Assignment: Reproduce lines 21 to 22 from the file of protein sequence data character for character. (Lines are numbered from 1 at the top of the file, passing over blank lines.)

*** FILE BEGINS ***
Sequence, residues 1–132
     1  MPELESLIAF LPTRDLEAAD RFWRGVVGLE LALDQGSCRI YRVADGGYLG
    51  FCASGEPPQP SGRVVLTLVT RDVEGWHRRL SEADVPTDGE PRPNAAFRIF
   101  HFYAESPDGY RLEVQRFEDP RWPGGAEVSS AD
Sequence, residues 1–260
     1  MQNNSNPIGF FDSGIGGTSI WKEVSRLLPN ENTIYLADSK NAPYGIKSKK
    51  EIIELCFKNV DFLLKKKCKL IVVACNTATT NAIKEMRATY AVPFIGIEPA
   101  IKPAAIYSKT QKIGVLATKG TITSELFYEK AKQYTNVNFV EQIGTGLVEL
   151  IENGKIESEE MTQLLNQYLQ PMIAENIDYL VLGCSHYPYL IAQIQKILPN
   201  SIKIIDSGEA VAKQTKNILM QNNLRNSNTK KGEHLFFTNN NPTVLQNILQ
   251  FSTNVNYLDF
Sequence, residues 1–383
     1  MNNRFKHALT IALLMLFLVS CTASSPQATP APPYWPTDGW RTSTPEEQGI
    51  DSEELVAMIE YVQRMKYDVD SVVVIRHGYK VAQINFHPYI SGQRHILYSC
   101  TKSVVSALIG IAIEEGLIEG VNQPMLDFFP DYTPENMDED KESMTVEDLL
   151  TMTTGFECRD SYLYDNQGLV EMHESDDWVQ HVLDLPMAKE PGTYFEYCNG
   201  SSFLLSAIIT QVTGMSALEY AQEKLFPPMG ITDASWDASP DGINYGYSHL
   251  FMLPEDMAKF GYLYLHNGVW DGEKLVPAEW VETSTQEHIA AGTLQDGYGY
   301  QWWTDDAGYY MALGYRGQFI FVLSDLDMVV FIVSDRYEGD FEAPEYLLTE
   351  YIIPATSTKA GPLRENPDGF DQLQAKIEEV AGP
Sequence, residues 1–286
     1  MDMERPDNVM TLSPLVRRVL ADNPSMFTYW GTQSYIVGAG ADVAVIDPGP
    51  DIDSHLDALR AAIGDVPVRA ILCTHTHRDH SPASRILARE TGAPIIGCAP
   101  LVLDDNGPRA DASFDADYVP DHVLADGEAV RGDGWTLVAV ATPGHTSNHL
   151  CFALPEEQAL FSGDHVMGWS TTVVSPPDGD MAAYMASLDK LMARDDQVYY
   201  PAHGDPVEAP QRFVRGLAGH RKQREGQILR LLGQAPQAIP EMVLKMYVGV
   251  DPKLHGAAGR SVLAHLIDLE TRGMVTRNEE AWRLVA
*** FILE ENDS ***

Sequence, residues 1–286
     1  MDMERPDNVM TLSPLVRRVL ADNPSMFTYW GTQSYIVGAG ADVAVIDPGP